A lot has been written about International Business Machine’s (NYSE:IBM) current woes and why the stock will supposedly keep trending downward. Apart from the usual reasoning that the company’s declining profits over the past 14 quarters signifies something inherently wrong with its fundamentals, a new thesis is emerging. Before we examine this new thesis, which I believes holds no water, here are a couple of things that I think anyone planning to put money into IBM should be aware of.
First, revenue for the third quarter declined 14 percent year-over-year and the company reduced its earnings guidance for the full year. What’s worse is that the declines in revenue seem to be accelerating and IBM now expects EPS of $15.75 at most by the year end. There is already plenty of analysis on IBM’s third quarter so I won’t be going into it in great detail. However, one thing that I believe is worth mentioning is that a great deal of the analysts covering the company have grossly underestimated the effect of the company’s currency exposure.
According to last year’s annual report, IBM received about 45 percent of its revenue from America with the rest coming in from Europe, Asia Pacific, Middle East and Africa. Over the past year, the U.S dollar has considerably strengthened against these regions’ currencies translating to less revenue earned for IBM. For example, the euro has declined by about 21 percent versus the dollar and it is expected that this trend is likely continue as the European Central Bank has hinted about plans to start its quantitative easing program.
Moreover, should the Fed hike interest rates this coming December the probability of the dollar reaching parity with the euro by next year is almost be assured. This means that Big Blue will be facing even tougher times ahead. In spite of this, a closer examination reveals that IBM’s revenue from Europe, Middle East and Africa region, adjusted for currency actually grew by 1 percent. So overall, I wouldn’t be too quick to write off the company as a failing business.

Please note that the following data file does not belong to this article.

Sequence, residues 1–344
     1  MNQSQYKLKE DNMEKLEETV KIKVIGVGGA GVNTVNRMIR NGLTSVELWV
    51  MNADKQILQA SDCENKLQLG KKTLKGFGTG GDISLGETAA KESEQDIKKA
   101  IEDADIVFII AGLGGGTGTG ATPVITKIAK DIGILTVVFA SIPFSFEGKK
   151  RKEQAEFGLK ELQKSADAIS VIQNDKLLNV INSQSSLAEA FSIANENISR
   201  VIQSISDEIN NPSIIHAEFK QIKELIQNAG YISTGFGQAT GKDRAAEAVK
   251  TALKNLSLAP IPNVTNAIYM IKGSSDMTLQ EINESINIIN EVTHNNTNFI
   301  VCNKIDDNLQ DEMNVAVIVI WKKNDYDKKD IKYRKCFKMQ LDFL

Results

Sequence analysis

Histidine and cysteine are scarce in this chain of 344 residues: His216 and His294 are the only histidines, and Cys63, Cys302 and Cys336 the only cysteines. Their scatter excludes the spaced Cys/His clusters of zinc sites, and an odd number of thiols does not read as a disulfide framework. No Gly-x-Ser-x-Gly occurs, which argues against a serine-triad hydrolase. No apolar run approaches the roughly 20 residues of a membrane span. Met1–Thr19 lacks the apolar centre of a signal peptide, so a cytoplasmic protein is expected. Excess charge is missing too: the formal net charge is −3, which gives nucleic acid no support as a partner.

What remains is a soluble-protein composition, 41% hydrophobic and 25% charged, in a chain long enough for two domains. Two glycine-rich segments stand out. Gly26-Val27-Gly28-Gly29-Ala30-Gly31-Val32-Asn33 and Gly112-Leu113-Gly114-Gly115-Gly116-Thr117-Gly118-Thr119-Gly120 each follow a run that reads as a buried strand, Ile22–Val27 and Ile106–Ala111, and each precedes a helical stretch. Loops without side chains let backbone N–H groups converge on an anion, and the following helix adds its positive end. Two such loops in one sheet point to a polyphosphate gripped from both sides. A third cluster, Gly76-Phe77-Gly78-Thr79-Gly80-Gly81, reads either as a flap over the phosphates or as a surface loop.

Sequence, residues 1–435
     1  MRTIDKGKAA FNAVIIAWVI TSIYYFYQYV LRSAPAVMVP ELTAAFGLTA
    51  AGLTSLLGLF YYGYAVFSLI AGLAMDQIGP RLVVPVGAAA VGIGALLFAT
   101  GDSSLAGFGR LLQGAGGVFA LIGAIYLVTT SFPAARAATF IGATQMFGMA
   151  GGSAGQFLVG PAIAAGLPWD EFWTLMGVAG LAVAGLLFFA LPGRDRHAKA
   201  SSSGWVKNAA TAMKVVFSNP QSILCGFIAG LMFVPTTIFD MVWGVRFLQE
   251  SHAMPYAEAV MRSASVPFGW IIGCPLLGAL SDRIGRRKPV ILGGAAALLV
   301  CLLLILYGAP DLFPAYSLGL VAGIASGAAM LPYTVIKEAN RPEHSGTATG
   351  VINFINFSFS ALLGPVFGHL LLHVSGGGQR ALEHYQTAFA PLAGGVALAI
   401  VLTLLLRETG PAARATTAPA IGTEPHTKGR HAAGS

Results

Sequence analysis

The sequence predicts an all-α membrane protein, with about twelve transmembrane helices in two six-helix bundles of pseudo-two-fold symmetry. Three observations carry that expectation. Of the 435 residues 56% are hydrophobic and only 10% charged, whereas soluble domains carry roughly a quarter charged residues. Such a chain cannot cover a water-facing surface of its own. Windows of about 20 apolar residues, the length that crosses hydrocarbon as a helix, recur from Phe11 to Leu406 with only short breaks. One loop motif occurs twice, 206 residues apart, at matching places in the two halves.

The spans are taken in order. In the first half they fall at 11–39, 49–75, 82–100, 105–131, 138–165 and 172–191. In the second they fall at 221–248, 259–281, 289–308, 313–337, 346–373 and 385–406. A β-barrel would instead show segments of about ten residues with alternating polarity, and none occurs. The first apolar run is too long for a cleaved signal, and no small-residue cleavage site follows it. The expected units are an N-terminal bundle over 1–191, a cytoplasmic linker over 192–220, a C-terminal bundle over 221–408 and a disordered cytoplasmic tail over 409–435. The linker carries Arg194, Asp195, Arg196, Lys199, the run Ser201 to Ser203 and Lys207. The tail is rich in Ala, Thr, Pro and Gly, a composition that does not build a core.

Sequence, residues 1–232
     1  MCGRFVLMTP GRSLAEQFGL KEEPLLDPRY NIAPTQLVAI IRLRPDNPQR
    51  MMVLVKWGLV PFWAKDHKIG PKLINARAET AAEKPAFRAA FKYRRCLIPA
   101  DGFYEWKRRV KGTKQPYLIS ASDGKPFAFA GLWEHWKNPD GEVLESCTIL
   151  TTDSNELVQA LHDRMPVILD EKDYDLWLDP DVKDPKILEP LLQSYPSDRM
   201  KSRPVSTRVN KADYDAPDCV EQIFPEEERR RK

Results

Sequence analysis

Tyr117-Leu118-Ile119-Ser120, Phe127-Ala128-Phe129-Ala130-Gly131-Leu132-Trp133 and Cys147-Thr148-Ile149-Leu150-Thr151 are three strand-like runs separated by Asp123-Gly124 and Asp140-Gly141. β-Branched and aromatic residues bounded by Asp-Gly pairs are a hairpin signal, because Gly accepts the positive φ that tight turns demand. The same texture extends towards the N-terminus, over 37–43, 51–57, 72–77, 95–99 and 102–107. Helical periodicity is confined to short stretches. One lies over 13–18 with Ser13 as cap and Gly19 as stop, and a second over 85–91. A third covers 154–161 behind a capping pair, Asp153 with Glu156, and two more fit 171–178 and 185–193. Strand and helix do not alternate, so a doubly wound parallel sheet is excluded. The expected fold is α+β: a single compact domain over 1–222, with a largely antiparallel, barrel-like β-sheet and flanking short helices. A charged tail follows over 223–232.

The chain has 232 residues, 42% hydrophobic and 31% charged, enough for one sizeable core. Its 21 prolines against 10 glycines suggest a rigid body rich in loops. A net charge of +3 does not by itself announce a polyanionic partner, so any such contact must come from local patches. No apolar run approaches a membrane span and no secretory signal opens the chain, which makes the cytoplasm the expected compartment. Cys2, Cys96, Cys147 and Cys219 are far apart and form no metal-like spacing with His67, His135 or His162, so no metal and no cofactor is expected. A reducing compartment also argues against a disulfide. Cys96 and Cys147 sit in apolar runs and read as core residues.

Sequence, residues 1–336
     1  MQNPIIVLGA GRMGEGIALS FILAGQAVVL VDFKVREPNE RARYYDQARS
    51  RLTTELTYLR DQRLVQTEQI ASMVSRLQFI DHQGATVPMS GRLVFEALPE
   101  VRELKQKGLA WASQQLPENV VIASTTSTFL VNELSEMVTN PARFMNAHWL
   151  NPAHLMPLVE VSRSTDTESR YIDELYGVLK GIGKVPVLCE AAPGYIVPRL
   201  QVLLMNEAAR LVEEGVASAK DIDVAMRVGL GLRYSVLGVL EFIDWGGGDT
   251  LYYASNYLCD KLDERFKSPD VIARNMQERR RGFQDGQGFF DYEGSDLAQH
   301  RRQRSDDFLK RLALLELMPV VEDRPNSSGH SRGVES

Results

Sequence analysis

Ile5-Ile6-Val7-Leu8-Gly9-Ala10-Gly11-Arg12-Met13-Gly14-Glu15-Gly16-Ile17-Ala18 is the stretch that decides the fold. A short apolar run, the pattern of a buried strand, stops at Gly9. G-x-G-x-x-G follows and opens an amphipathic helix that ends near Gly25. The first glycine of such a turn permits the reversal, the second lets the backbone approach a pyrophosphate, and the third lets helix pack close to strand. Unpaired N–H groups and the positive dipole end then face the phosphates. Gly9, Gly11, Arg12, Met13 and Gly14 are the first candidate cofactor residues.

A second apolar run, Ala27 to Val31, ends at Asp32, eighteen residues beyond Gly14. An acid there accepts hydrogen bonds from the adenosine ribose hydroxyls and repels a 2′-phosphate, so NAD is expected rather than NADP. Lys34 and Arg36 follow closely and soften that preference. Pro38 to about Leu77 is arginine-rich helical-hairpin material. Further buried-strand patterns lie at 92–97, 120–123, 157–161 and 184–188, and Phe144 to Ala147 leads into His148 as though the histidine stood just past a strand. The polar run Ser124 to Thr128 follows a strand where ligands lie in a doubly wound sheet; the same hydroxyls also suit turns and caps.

So what’s the new threat?
Both Oracle (NYSE:ORCL) and Intel (NASDAQ:INTC) recently launched massive cloud computing data centers that would be used to test Oracle servers running on Intel chips in a project dubbed Apollo. With the conclusion of the testing phase, the two are now ready to start selling to enterprise customers, which effectively puts them in direct competition with IBM.
While it’s widely considered that Intel holds a near monopoly in the data center space with its industry standard Xeon processors, the high-end server and mainframe market has largely been IBM’s domain and it is this new partnership that is spooking investors. In a recent presentation at Oracle World in San Francisco, Oracle CEO Mark Hurd pointed out that thousands of customers were still using “large and costly” IBM systems.
Mark also claimed that the new architecture would offer better performance than IBM’s systems at a fraction of the cost and to prove his claim, he revealed that Oracle would be offering qualifying Power System customers with a free, non-disruptive proof-of-concept migration to demonstrate the difference.
Why there is nothing to fear
In reality, this development need not get investors worried and here is why. IBM’s mainframes still offer all the components (ability to virtualize workloads, plenty of memory and storage space) needed to run a private cloud ecosystem. Additionally, many enterprises are already running their business applications on a mainframe, which means that rewriting them for cloud compatibility is likely to present a significant challenge.
According to WIRED, 96 of the world’s top 100 banks and about 90 percent of the world’s top insurance firms still depend on mainframes due to their reliability, predictability and scalable characteristics. Mainframes still offer better control over workloads and in terms of managing vector processing mid-range systems come nowhere close in comparison.
The IBM z13 mainframe for instance is the world’s first system with the capability of processing 2.5 billion transactions on a daily basis and it also offers the ability to encrypt mobile transactions in real-time. “We’re driving toward a world where more and more people are using mobile devices, or embedded devices, to interact with systems,” John Birtles, director of IBM z Systems, told WIRED. “We need to make sure that those devices are secure, that the transaction’s secure, and that our clients get the level of analytics that gives them opportunities to improve their businesses.”
Ultimately, enterprise customers are not only looking for cost-saving solutions, but also security of their data and information. The Oracle and Intel systems are unproven in this regard and in my opinion getting the large enterprise customers to shift to these systems will not happen anytime soon.
To further illustrate the significance of IBM’s mainframes, revenue from z systems mainframes was up 15 percent in the quarter at a time that the general consensus was that fridge-sized mainframes were on their deathbed.
IBM may be in some troubled waters for now, but one thing remains clear. The company’s high-end sever and mainframe business is not facing a serious threat from the Oracle-Intel duo as it will take a great deal to get major enterprise customers to overhaul their ecosystems. All in all, I believe IBM is a great business and that its biggest problem is currency issues, not the partnership between Oracle and Intel.